Explaining how travelers are using WeChat and other social media platforms, Glos said consumers are not just getting information directly from travel suppliers, but also from platforms that share information from travelers who have been there, done that.

Arlt echoed the sentiment as he said people would rather prefer reviews from regular customers than from influencers.

“Spend more money on wow quality for your customers, so you can save money on marketing, as the satisfied customers will become your brand ambassador,” he explained.

And if wow quality is what destinations are looking for to attract Chinese tourists, Group suggests putting more focus on visual content to inspire travelers.

While Dragon Trail noted that the approach towards marketing probably hasn’t changed substantially since the pandemic, Cook observed that a major development over the last three years has been the emergence of social media platform Xiaohongshu (aka Little Red Book aka Red) for travel inspiration and research.

2. Psyche of The Chinese Traveler

To understand the demand for travel coming from China, Glos said it also important to understand the Chinese traveler’s psyche.

“Travel is not just about exploring a particular place, but about living a lifestyle that is reflective of one’s financial success and maintaining the outward appearance of a successful lifestyle,” according to Glos.

With travel being symbolic of one’s professional and financial success, it is only logical that, as Glos predicts, high-end travelers are the likeliest candidates to return faster. Group too noted that the new Chinese traveler would like prefer customized travel products and experiences, as well as high-quality products that provide added value.

A sentiment echoed in Skift Research’s latest report, which states that luxury will be the key differentiator when comparing a potential 2023 recession to previous downturns.

“You can expect a segment that has very strong pent-up demand, spending power, but is also quite savvy in distinguishing what’s quality and good in travel choices,” said Jackey Yu, partner in McKinsey Hong Kong.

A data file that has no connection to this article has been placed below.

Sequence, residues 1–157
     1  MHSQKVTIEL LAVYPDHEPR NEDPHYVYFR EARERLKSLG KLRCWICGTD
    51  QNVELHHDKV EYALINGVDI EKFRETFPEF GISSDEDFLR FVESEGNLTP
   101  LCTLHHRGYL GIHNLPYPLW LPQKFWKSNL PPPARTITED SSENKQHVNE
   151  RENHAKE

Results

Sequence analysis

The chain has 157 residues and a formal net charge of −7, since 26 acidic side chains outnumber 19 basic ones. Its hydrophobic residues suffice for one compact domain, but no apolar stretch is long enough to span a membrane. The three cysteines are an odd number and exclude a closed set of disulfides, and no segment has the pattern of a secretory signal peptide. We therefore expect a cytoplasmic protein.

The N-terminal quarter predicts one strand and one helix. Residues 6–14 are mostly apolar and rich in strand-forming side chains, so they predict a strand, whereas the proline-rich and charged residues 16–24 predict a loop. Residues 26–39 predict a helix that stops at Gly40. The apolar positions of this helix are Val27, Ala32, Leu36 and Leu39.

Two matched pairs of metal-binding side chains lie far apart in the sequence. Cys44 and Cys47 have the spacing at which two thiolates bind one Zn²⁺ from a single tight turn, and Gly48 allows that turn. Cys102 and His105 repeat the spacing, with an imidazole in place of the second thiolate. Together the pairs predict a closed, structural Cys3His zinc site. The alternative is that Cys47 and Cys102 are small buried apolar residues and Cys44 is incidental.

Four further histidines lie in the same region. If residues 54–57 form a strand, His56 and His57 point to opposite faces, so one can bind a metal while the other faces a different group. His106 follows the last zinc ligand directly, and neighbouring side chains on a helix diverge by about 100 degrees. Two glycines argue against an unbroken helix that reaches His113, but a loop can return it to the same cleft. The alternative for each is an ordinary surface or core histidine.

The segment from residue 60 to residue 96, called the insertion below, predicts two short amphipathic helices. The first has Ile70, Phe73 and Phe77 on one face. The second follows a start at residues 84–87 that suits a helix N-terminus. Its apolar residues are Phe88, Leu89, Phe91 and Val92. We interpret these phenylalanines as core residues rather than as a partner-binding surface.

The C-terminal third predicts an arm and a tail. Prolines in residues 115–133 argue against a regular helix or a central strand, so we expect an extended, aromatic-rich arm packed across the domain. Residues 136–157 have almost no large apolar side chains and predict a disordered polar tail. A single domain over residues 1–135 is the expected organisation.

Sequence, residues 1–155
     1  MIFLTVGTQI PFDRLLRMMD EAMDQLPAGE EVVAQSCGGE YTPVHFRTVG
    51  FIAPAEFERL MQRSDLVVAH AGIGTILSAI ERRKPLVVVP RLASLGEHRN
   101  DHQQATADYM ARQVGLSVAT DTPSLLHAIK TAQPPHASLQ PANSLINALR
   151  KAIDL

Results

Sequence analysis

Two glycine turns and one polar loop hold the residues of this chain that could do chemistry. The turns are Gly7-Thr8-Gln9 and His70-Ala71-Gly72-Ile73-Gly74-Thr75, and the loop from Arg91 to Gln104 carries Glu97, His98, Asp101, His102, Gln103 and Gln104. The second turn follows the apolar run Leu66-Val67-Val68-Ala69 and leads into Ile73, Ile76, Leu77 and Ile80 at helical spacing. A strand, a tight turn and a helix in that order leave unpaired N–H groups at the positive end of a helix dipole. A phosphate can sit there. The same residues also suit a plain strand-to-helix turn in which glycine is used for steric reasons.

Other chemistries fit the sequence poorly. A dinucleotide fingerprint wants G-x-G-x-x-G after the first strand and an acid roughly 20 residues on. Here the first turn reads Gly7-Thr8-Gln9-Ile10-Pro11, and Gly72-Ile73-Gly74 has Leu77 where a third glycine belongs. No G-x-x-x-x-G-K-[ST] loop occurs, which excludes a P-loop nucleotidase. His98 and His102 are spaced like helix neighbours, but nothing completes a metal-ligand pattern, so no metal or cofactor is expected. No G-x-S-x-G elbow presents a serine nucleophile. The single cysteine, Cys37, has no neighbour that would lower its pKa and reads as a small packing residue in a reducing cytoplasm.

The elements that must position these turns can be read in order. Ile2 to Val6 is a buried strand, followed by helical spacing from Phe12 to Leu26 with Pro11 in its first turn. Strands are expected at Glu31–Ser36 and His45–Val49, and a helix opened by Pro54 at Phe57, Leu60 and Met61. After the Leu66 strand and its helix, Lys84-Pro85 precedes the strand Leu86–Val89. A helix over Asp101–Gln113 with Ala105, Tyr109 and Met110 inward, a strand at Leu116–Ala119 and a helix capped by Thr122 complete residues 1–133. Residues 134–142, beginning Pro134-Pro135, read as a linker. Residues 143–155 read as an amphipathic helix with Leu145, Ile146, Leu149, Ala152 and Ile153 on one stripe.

Yu’s prediction is based on the behavior of Chinese travelers who she said didn’t stop traveling in the last three years. “They had just stopped international travel. Domestically, consumers experienced new diversified tourism products emerging.”

Talking about a significant pent-up demand in China’s domestic travel market, a Group spokesperson said, “Cross-provincial hotel bookings accounted for almost 70 percent of total domestic hotel bookings made on Ctrip over the lunar holiday period.”

Most Chinese would continue to travel within the region for reasons best known to all — faster, cheaper and more familiar, according to Arlt. “Long-haul travel would start around April-May depending on visa availability and affordable air tickets.”

Travel analytics firm ForwardKeys too noted that China’s intra-regional neighbors in Asia will reap the most significant benefits with the easing of travel restrictions, while it noticed a sharp upswing in bookings for domestic flights.

While Glos said there is enough pent-up demand in the China market to overcome any sensitivity to price increases, he also shared that the Chinese are smart travel consumers, who will look for value for money while spending.

An idea shared by Arlt, who expects spending to grow back  slower, as people will be a bit more careful with their money.

Arlt expects Chinese outbound trips to hit 110 million by 2023, almost two-thirds of 2019’s 155 million trips. Next year is when he forecasts Chinese outbound trips to hit the 155 million-mark.